First Republic Bank has been under intense pressure since the collapse of Silicon Valley Bank last month. In just two weeks, the bank saw a massive $100 billion withdrawal, leaving it in a precarious financial situation.
As of March 9, 2023, total deposits were $173.5 billion, according to the bank’s statement. This is a significant decrease from the $102.7 billion deposits reported in April 2021.
To reduce its short-term borrowing, the bank secured a time deposit of $30 billion from some of the largest US banks.
However, it still owes $104 billion to the Federal Reserve, the Federal Home Loan Bank, and JP Morgan, after borrowing as much as $138 billion in March.
In Q4 2022, the bank had borrowed only $14 billion. Despite borrowing heavily, it has only $14 billion in highly liquid assets such as cash or unencumbered investment securities.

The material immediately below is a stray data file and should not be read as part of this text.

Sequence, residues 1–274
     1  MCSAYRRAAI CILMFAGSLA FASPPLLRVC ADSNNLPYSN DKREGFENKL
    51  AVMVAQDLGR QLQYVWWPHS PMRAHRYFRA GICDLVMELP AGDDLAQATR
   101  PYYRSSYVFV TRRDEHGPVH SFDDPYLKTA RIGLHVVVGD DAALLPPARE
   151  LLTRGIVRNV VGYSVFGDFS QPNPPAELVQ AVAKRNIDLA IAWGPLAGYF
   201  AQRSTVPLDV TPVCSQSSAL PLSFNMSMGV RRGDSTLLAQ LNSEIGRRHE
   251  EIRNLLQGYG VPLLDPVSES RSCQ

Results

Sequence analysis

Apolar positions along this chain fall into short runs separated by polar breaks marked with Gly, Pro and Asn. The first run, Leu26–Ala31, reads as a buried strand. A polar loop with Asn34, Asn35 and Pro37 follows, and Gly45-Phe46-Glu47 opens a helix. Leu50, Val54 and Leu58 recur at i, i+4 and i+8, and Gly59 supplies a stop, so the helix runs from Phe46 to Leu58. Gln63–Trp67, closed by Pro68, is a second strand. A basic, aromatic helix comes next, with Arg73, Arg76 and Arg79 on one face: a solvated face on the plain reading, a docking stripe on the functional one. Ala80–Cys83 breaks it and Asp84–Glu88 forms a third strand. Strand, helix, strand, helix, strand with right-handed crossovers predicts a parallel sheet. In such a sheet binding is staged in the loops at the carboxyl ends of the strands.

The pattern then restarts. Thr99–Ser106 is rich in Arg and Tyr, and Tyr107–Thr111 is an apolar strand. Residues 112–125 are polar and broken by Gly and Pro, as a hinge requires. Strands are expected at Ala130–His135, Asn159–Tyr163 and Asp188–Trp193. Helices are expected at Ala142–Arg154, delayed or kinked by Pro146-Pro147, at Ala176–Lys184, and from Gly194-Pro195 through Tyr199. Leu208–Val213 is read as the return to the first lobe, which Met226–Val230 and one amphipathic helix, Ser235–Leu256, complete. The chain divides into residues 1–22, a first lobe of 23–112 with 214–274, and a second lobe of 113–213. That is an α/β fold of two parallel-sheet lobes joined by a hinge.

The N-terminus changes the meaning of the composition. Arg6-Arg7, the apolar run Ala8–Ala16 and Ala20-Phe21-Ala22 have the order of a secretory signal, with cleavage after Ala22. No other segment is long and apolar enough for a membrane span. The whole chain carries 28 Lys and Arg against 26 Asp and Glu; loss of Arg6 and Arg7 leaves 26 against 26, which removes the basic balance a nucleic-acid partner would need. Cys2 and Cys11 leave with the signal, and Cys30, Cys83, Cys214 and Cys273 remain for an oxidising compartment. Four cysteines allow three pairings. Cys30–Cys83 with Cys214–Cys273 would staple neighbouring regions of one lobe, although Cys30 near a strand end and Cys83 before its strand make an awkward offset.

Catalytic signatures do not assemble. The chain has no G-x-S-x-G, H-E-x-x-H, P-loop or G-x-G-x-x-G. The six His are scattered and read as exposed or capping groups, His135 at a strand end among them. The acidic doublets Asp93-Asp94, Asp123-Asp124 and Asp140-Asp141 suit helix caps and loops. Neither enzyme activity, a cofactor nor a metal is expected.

The bank has invested $35 billion in securities, leaving the balance sheet unclear about where the remaining $50 billion of the borrowed $104 billion went. All of the so-called deposits are now borrowed money from the Fed and JP Morgan.
The bank’s plan to reduce its workforce by 20%-25% in the current quarter while lowering executive compensation comes after a disastrous Q1 2023.
Revenues were down 13% to $1.2 billion, net interest income was down 20% to just under $1 billion, diluted earnings per share were down 40%, and net income was down 33% to $270 million.
With net income remaining at these levels, it could take up to 104 years to pay off the $104 billion loans, assuming the bank uses its entire profits every year.
However, the bank has $170 billion in loans it has made, which it can use to pay off its own loans as they are paid off, potentially making the situation more manageable.